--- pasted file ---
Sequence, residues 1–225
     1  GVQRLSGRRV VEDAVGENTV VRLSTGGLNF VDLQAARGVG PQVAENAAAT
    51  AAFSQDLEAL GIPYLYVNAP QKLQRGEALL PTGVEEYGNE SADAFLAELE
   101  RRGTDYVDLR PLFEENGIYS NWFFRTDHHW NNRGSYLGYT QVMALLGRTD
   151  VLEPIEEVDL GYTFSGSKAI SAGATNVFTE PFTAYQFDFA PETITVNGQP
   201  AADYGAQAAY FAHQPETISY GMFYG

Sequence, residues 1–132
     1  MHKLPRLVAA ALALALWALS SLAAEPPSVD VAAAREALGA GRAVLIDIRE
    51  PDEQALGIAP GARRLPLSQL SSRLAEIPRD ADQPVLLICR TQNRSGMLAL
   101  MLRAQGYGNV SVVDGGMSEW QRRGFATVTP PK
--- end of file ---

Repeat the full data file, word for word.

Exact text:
Sequence, residues 1–225
     1  GVQRLSGRRV VEDAVGENTV VRLSTGGLNF VDLQAARGVG PQVAENAAAT
    51  AAFSQDLEAL GIPYLYVNAP QKLQRGEALL PTGVEEYGNE SADAFLAELE
   101  RRGTDYVDLR PLFEENGIYS NWFFRTDHHW NNRGSYLGYT QVMALLGRTD
   151  VLEPIEEVDL GYTFSGSKAI SAGATNVFTE PFTAYQFDFA PETITVNGQP
   201  AADYGAQAAY FAHQPETISY GMFYG

Sequence, residues 1–132
     1  MHKLPRLVAA ALALALWALS SLAAEPPSVD VAAAREALGA GRAVLIDIRE
    51  PDEQALGIAP GARRLPLSQL SSRLAEIPRD ADQPVLLICR TQNRSGMLAL
   101  MLRAQGYGNV SVVDGGMSEW QRRGFATVTP PK